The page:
Picasso and Braque Go to the Movies: movie review
Marvelous documentary ‘Picasso and Braque Go to the Movies’ explores how the founders of Cubism were inspired by early filmmaking.
“Picasso and Braque Go to the Movies” is a marvelous documentary by art gallery legend and sometime filmmaker Arne Glimcher that chronicles the ways in which Cubism was influenced, inspired, and threatened by the emergence of cinema at the turn of the 20th century. The film focuses primarily on Picasso and Braque, the founders of Cubism, who at one time were so close they called themselves Wilbur and Orville (after the Wright brothers).
Glimcher – aided by a marvelous lineup of talking heads including the film’s coproducer Martin Scorsese, Picasso biographer John Richardson, art critic Adam Gopnik, and such artists as Julian Schnabel and Chuck Close – draws on a startling array of film clips from the era. We see the magic of the early silent shorts by the Melies brothers, by Chaplin (whom Picasso greatly admired), and the great French comic Max Linder, as well as rare footage of fan dancers, strong men, and the famous Exposition Universelle in Paris.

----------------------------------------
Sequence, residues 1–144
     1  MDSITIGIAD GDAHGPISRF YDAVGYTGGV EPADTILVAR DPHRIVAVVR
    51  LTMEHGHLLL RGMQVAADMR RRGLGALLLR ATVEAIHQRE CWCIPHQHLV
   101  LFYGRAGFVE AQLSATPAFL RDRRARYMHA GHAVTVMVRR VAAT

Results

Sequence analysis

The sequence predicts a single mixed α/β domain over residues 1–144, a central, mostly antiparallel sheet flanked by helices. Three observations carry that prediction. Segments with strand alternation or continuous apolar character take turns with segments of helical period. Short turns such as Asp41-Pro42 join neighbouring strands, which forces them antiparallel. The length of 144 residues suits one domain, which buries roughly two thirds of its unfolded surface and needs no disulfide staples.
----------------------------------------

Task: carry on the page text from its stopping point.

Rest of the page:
The film’s thesis is that Cubism seized film as a revolutionary new art form and, by fracturing the image within the canvas, sought ways to create a cinemalike dynamism that would both rival and complement the movies. Altogether fascinating. Grade: A (Unrated.)
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